From what I’ve seen of Uta Koi so far, I want to dislike it. I want to watch an episode, feel a familiar pit of vitriolic loathing swell in my stomach, and vomit it through my fingers onto the keyboard to truly express in written form why it’s the scum of the earth, and tangentially bring up why ARIA is the best thing ever. But unfortunately I can’t do that for everything in life, even when talking about anime that examines possible catalysts behind the famous One-Hundred Poets’ writings. There’s something about Uta Koi that’s so pure, so wonderful, that it shines through the many faults and manages to give me something to love about each episode.
When broken down to its base form, almost every episode follows a similar formula of boy meets girl, girl reacts coldly, boy smarms and snarks his way into her heart, girl bemoans that they can’t be together after a time, all topped off with a bittersweet ending. There’s very little variety in both the writing and the visual style, a hefty budget obviously having slipped this property by in the conception stage. Most damning, the dialogue often manages to be both dull and pretentious; considering that the show is about 95% dialogue and 5% narration, that’s pretty fucking damning. With this combination of problems, I want to dislike it, I should dislike it, but for the life of me I can’t help but find it endearing.
While the formula is hardly groundbreaking at the best of times, there’s a certain level of skillful nuance that tinges each piece of dialogue, to the point that the words themselves pale in meaning to the context, or the motives behind them. Uta Koi is a rare case where the emotional tinge of a conversation is more substantial than the conversation itself, where the feelings of the people behind the words shine above the actual exchanges. Quite simply, it’s a case of anime adding depth to a work that would be forgettable if it didn’t have one element crucial to animating a dialogue-heavy work—actual human voices conveying actual human emotions, something lost on a few of the more dialogue-reliant shows of the season. Also funny faces.
Vuc of Altair & Vega based one of his recent posts around the concept of agency, the idea that people are in charge of their own fates and can mold their place in the world in a manner that they see fit. Uta Koi plays with this on an almost episodic basis, the concept continuously rearing its head in a time where social mobility and agency were nothing but fantasies for the world at large, applying especially to women. One episode in particular involved a man attempting to court his sister in an attempt to keep her from running away to work in the emperor’s court, his reasoning being that she would have almost no say over what position she would hold and what would happen to her. In the end, with her brother’s consent, the sister did run off and ended up working in the imperial court. Unfortunately, it wasn’t the position that she wanted and there was very little mobility. Little finishing touches like this really make the world of Uta Koi breathe when it would otherwise stagnate, or at least not create interest.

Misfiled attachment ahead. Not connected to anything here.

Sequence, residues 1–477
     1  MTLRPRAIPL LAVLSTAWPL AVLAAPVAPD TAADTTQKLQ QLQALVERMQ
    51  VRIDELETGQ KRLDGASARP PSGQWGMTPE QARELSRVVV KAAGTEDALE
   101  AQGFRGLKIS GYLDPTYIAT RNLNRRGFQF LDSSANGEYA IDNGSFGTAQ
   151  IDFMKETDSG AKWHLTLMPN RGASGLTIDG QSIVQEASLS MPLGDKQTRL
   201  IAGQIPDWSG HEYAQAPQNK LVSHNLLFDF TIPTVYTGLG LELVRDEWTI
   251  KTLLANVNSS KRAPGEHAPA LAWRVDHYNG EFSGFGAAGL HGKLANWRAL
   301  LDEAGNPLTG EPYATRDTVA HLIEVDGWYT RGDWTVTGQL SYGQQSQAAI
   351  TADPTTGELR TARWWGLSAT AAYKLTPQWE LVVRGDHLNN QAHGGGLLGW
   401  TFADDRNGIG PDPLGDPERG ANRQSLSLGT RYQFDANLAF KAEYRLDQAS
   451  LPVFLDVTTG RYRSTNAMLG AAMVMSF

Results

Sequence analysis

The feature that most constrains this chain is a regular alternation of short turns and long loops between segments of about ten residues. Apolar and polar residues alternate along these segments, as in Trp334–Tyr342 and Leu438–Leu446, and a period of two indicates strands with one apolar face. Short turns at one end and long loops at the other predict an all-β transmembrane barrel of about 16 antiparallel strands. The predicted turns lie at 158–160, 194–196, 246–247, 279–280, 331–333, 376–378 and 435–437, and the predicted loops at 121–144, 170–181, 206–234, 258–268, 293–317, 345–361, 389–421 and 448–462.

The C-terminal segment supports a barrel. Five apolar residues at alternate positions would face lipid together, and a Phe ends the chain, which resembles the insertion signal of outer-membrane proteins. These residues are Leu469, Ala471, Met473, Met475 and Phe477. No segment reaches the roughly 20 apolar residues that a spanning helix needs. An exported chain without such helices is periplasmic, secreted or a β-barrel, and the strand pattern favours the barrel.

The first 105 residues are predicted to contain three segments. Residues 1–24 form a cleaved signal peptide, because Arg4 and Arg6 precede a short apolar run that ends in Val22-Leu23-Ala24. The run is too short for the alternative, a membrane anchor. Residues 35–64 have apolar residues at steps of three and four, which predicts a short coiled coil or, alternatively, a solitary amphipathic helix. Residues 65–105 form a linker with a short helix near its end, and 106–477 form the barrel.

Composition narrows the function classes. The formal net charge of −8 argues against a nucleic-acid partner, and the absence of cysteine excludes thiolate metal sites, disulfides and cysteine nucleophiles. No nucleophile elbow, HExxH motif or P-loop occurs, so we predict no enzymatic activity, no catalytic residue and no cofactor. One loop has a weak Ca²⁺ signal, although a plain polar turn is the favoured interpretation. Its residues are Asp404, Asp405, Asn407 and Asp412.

This isn’t to say that it’s a good show. Aside from the conversational subtext and (in my opinion) superlative voice acting with layers of expression, it’s a mediocre series of love stories that simply place people with contemporary, controversial ideas into a period piece, something that Hollywood has been doing for decades in order to make their characters more relatable to Joe “I Swear I Don’t Like Romance Because Hardly Any Tits or Explosions and I Swear I’m Just Trying to Make the Wife Happy. Really, Honest!” Six-Pack. However, it’s better in that it makes me feel for the plight of these star-crossed lovers, which apparently the entirety of the One-Hundred Poets falls under. Thankfully, subtext and superlative voice acting are all it needs, and it utilizes them to their fullest.